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Amaryllis Aftercare

Martha Stewart Living, November 1997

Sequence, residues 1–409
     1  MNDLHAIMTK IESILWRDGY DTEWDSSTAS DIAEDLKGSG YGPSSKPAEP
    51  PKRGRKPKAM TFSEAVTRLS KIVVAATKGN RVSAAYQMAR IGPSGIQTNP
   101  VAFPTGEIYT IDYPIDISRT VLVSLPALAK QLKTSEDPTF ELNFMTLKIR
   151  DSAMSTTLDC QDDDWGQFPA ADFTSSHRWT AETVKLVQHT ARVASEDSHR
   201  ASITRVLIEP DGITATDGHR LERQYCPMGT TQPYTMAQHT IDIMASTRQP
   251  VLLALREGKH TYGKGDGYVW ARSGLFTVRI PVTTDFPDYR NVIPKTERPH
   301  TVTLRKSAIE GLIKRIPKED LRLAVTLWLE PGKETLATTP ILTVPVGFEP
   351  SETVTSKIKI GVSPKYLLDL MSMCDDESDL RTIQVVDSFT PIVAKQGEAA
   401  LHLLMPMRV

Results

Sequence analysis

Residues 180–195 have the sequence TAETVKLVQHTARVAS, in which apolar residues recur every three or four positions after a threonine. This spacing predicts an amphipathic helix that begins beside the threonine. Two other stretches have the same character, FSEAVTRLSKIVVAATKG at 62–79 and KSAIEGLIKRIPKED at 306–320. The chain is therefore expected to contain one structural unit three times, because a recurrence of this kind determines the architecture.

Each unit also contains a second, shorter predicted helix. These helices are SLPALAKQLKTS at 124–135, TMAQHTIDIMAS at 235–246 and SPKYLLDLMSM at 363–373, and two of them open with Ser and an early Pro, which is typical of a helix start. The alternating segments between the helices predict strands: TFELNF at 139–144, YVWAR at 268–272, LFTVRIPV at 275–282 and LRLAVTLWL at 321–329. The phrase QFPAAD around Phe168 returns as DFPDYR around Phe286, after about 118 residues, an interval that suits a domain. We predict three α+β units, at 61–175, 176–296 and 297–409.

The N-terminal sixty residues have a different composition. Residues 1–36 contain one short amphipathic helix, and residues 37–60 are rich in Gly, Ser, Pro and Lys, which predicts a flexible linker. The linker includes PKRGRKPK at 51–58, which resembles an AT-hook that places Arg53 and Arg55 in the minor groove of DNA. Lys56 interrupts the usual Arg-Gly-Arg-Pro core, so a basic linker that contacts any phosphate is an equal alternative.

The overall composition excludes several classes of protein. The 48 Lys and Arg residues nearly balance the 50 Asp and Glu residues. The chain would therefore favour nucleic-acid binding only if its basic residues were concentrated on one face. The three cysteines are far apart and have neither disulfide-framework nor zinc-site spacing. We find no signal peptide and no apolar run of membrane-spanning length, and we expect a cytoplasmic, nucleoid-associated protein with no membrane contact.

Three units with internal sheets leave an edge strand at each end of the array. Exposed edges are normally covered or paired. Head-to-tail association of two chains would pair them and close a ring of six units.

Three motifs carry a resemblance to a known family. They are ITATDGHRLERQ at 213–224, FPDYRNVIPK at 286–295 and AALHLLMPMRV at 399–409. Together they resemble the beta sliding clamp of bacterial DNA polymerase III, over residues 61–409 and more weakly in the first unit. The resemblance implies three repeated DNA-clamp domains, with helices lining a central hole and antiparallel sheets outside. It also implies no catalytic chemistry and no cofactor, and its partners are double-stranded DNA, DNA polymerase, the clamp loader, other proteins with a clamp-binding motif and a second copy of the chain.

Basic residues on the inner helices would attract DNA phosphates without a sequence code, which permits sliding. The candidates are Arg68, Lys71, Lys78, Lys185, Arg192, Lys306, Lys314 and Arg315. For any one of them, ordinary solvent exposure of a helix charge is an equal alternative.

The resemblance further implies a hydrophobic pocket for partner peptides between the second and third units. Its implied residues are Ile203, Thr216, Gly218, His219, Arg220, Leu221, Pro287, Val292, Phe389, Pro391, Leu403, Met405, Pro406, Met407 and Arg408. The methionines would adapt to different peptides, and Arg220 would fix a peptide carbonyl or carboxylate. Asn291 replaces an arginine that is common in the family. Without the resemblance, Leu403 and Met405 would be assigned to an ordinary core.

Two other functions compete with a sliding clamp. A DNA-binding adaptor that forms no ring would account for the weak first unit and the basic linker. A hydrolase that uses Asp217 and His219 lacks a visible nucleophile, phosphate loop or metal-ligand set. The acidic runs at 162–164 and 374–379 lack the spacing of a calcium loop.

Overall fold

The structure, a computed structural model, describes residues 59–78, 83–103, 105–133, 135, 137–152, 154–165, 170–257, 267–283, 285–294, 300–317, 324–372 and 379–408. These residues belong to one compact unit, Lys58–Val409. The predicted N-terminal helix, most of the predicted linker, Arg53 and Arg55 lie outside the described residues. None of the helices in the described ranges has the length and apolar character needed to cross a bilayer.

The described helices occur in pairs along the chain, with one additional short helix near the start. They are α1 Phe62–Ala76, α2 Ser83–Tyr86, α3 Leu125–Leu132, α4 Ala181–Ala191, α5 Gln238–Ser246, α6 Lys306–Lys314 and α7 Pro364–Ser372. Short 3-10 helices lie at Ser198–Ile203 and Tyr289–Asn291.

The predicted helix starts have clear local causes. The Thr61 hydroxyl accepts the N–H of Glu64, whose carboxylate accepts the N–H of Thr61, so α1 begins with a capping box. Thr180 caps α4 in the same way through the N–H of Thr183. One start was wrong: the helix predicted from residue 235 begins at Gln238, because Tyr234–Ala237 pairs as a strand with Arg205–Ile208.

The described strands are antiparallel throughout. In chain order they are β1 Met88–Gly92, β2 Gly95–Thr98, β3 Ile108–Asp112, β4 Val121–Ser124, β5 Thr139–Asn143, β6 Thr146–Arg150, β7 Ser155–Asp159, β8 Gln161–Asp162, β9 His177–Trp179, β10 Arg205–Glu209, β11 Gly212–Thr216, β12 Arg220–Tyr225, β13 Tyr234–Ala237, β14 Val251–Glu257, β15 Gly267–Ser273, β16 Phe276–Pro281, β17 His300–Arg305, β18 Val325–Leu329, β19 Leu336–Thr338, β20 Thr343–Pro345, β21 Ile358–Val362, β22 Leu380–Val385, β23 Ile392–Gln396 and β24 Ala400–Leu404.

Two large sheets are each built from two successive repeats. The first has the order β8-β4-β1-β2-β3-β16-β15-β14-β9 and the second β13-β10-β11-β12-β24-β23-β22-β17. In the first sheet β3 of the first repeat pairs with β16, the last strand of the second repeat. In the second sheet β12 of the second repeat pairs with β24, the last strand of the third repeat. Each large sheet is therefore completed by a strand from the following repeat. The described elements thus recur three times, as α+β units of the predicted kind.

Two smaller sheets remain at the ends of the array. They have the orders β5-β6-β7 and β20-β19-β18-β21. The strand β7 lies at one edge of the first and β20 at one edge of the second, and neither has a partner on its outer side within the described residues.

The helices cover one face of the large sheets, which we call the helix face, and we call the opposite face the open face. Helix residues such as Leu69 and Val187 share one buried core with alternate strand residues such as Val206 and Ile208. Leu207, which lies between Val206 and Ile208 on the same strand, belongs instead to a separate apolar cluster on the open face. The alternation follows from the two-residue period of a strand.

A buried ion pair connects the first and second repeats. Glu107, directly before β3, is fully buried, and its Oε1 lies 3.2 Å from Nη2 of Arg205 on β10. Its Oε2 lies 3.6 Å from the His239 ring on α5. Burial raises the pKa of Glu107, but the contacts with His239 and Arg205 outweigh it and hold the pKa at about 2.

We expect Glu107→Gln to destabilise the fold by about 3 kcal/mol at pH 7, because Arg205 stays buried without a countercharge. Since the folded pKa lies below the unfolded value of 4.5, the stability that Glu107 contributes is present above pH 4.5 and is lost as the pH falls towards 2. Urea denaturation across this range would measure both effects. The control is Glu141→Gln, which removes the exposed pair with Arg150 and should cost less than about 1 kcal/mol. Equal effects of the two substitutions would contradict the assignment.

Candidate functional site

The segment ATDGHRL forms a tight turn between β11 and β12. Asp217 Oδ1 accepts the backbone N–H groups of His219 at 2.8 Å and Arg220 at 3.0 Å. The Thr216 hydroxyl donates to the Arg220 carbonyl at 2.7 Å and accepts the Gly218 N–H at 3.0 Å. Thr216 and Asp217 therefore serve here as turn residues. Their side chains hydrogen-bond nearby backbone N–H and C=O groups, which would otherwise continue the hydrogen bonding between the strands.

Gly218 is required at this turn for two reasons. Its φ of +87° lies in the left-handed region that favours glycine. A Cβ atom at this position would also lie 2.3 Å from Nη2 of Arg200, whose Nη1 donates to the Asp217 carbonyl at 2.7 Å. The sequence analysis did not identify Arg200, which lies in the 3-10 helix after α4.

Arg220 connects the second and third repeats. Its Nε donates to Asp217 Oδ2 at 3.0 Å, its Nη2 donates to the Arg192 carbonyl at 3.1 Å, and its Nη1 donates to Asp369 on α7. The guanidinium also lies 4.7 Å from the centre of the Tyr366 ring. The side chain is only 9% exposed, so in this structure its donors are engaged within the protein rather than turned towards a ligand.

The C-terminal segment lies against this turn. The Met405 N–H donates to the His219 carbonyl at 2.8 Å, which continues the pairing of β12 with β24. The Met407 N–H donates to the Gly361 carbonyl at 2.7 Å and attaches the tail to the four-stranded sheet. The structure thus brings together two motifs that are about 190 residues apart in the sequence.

After your amaryllis (Hippeastrum) has bloomed, it may seem past its prime, but don't throw it away. If you follow these tips, you'll have an even larger plant next year. After it has finished blooming, cut off the flower stalk to 1 to 2 inches above the bulb, and keep the plant, with its long, bladelike leaves, growing through the summer. Around September, place it in a dark closet, and leave it there to lie dormant for a couple of months; this simulates the drought conditions of the plant's native South America. When you take it out of the closet, the leaves will have wilted. Just cut these off flush with the bulb, taking care not to cut any new flower buds that are starting to emerge, and add a little soil if it looks depleted. Water the bulb, set it in a sunny window, and don't water it again until it shows signs of awakening. Your newly awakened amaryllis bulb will grow into a tall, elegant flower, which, if you time it right, will bloom just as next Christmas rolls around.